Impact of Xenazine(Tetrabenazine)on Gait and Functional Activity in Individuals With Huntington's Disease
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|ClinicalTrials.gov Identifier: NCT01451463|
Recruitment Status : Completed
First Posted : October 13, 2011
Results First Posted : October 19, 2017
Last Update Posted : November 24, 2017
In individuals with Huntington's disease (HD), chorea may contribute to balance problems and difficulties with walking, sit to stand transfers and stair climbing that in turn may contribute to high fall rates. Xenazine (tetrabenazine) is a monoamine-depleting drug that is commonly used to reduce chorea.
The purpose of this study is to compare: 1) spatial and temporal gait measures, 2) performance on functional mobility measures, and 3) amount of daily walking activity before and after administration of Xenazine in individuals with HD. It is hypothesized that the use of Xenazine to decrease chorea will improve functions of 1) gait, 2) sit-to-stand transfers 3) stair climbing and 4) overall daily physical activity and function.
|Condition or disease|
|Study Type :||Observational|
|Actual Enrollment :||11 participants|
|Official Title:||Impact of Xenazine(Tetrabenazine)on Gait and Functional Activity in Individuals With Huntington's Disease|
|Study Start Date :||April 2010|
|Actual Primary Completion Date :||April 2013|
|Actual Study Completion Date :||April 2013|
U.S. FDA Resources
- Tinetti Mobility Test Score [ Time Frame: >18 hours off Stable Dose of Tetrabenazine and at 2 hours after resumption of Tetrabenazine ]The Tinetti Mobility Test is a clinical test used to assess balance and gait. The Balance sub-score ranges from 0-16 (with 16 reflecting better balance) while the Gait sub-score ranges from 0-12 (with 12 reflecting better gait parameters). The Total Tinetti Mobility Test Score (TMT) is a sum of the two sub-scores with a maximum score of 28. The higher the score the better the gait and balance performance. A comparison of scores off regular stable dose of tetrabenazine for >18 hours with the performance two hours after resuming tetrabenazine was made.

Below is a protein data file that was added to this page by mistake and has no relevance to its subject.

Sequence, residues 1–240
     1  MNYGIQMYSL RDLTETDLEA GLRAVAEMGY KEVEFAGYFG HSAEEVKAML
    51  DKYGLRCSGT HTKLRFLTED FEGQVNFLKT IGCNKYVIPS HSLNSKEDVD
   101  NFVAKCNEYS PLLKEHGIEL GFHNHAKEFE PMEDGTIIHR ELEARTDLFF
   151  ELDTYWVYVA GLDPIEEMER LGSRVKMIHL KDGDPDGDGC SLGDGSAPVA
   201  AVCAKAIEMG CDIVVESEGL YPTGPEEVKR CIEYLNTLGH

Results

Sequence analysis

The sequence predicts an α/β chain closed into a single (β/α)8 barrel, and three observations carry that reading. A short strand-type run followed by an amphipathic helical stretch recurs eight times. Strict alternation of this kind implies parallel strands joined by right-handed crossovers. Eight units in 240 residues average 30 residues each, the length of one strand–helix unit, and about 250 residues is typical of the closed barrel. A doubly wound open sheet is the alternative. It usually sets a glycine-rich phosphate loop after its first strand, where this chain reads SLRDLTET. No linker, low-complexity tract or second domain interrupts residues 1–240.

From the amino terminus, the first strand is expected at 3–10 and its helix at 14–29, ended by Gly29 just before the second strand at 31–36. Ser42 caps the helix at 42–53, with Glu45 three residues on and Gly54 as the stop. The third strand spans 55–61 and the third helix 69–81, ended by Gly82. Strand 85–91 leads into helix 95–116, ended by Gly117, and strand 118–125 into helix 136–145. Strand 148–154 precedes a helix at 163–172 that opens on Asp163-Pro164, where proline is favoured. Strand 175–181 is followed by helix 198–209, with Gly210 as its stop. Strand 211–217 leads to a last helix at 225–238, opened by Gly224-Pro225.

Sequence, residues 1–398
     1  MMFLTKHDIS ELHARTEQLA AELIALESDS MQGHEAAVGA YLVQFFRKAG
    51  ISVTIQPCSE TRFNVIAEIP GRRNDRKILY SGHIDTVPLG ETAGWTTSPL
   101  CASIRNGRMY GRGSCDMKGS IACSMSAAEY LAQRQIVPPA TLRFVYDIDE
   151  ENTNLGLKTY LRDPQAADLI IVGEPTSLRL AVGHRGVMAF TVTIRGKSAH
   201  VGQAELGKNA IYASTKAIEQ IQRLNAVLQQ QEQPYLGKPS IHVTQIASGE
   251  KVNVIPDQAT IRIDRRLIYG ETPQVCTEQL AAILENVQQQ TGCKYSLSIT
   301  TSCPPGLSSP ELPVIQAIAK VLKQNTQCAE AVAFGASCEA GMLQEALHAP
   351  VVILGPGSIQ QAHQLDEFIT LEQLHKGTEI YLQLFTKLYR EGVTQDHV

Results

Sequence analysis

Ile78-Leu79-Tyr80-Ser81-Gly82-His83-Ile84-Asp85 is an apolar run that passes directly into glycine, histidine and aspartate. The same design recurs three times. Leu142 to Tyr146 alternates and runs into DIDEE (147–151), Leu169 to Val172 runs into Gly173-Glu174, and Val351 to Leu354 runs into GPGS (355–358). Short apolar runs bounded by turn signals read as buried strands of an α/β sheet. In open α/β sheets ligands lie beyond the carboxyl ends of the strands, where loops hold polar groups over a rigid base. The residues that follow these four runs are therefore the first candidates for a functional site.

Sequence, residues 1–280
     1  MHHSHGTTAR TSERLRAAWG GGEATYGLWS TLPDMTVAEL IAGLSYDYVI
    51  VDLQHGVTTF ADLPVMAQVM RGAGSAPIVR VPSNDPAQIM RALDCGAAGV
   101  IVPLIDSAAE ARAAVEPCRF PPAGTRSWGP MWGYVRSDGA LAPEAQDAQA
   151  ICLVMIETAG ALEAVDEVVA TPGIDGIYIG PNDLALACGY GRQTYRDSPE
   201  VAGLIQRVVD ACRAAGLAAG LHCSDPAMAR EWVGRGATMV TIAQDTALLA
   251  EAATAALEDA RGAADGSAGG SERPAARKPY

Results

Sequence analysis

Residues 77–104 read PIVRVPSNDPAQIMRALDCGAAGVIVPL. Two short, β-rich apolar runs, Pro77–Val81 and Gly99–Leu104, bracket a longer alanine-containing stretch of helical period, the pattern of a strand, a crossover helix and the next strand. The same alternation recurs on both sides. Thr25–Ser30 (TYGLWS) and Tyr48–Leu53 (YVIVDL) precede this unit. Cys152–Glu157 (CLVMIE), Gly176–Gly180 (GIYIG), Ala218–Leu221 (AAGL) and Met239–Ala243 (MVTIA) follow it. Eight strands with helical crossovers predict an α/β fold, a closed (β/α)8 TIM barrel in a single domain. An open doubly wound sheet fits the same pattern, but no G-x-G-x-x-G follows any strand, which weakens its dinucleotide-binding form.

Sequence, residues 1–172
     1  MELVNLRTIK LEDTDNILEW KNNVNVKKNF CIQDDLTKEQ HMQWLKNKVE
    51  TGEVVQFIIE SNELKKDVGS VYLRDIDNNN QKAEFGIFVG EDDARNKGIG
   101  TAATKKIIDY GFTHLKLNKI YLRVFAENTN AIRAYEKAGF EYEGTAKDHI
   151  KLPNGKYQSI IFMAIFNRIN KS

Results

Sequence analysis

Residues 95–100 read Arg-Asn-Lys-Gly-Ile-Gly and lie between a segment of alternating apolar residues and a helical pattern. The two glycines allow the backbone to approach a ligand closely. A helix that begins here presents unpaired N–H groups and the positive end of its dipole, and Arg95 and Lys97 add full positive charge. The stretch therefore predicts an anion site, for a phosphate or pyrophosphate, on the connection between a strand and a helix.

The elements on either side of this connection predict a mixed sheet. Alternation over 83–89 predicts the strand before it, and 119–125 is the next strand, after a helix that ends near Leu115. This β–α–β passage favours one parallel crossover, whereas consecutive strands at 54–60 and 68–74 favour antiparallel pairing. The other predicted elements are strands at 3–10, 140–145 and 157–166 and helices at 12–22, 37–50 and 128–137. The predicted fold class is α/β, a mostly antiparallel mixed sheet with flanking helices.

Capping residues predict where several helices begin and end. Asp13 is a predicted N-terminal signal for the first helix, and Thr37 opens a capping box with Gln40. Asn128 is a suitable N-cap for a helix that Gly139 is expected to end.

- Five Times Sit to Stand Test [ Time Frame: >18 hours off Stable Dose of Tetrabenazine and at 2 hours after resumption of Tetrabenazine ]Subjects are asked to sit in a chair with their arms across their chests and asked to stand and sit five times in a row. The time it takes to complete 5 sit to stand cycles is timed with a stop watch. Comparison is made when off stable dose of tetrabenazine for >18 hours to performance 2 hours after resumption of tetrabenazine. Lower time scores are associated with better balance.
- Six Condition Romberg Test [ Time Frame: >18 hours off Stable Dose of Tetrabenazine and at 2 hours after resumption of Tetrabenazine ]The Six Condition Romberg Test is used assess static balance. Subjects are tested standing with their arms crossed over their chests and are assessed for 30 seconds in the following 6 conditions: 1) feet together, 2) feet together eyes closed, 3) feet aligned in tandem heel-to-toe position eyes open, 4) feet aligned in tandem heel-to-toe position eyes closed, 5) standing in tandem position while counting backwards by 3's from 100 with eyes open, 6) standing in tandem position while counting backwards by 3's from 100 with eyes closed. Comparison of performances were made when off stable dose of tetrabenazine for > 18 hours to performance 2 hours after resumption of tetrabenazine. If a participant could not hold a stance for the full 30 seconds, then that component of the Romberg test ended at that point with the time of that component scored in seconds; 30 seconds being the maximum score for each of the 6 tests. The total score was calculated as a sum of all of the 6 subset scores.
To learn more about this study, you or your doctor may contact the study research staff using the contact information provided by the sponsor.
Please refer to this study by its ClinicalTrials.gov identifier (NCT number): NCT01451463
|United States, Ohio|
|The Ohio State University Medical Center|
|Columbus, Ohio, United States, 43210|
|Principal Investigator:||Sandra K Kostyk, MD,PhD||Ohio State University|